Alabama’s plan to alter how pollution emanating from smokestacks is measured has this week been shot down by the U.S. Environmental Protection Agency in a policy U-turn.
The state’s “visible emissions rule” measures the opacity of emissions from smokestacks and determines the amount of pollution coming from them.
The 2008 revision to the rule, which was approved by the EPA that year, altered the legal amount of violations that 19 of Alabama’s major polluters were allowed to make.
Permissible violations, or “opacity limit exemptions”, were changed from one six-minute period per hour to an aggregate of 24 six-minute periods per day. The rule also removed the 40 percent opacity cap during such exempt periods, according to an EPA fact sheet.
These changes effectively allowed pollution at 100 percent opacity for 2.4 hours per day, the factsheet says.
Yesterday – following a legal challenge by a local environmental group – the EPA announced that the revised rules in the Yellowhammer State violated the federal Clean Air Act, and the agency reversed its 2008 decision.
The environmental group that brought legal action has welcomed the agency’s policy volte-face.
Michael Churchman, executive director for the Alabama Environmental Council, said: “Technology is used all over the country to better control emissions and should be required to operate continuously in Alabama.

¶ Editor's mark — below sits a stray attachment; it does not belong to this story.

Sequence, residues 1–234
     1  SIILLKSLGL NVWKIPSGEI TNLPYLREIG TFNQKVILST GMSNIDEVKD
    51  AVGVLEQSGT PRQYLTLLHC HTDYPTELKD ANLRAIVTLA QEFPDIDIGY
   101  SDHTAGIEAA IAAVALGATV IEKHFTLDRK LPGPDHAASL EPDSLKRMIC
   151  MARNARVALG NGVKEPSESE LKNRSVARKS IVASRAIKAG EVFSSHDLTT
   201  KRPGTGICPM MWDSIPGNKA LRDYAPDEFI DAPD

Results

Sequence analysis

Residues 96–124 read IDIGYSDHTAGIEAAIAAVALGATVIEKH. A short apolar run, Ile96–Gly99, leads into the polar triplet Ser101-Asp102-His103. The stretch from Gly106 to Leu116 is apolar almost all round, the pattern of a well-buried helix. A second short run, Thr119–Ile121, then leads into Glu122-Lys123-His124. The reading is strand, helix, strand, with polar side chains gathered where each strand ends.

“I believe that today’s action will significantly help clean up the state’s air and protect public health.”
But Alabama’s environment department and members of the state’s power industry are not happy with Wednesday’s announcement and are planning a legal challenge of their own, according to Al.com
Ron Gore, head of the Alabama Department of Environmental Management’s air division, told The New York Times: “When you have these huge industrial plants, where the air pollution control devices are so big and complex, we’ve discovered that it is literally impossible to be in compliance 100 percent of the time.
“Under the current rules every little blip in compliance is judged to be a violation,” he added.
And a spokesman for Alabama Power – one of the bodies that will be directly affected by the rule change – believes that the EPA may have inadvertently relaxed pollution rules in the state.
“We agreed to the tougher requirements [in 2008] in exchange for some flexibility,” Alabama Power’s spokesman Michael Sznajderman told Al.com. “We needed the flexibility to be able to get back into compliance quickly and not trigger a violation. We believe we have to pay greater attention to opacity [under the 2008 changes] than we did before.”
Gore told Al.com that he expects a legal challenge as soon as Wednesday’s rule change becomes final.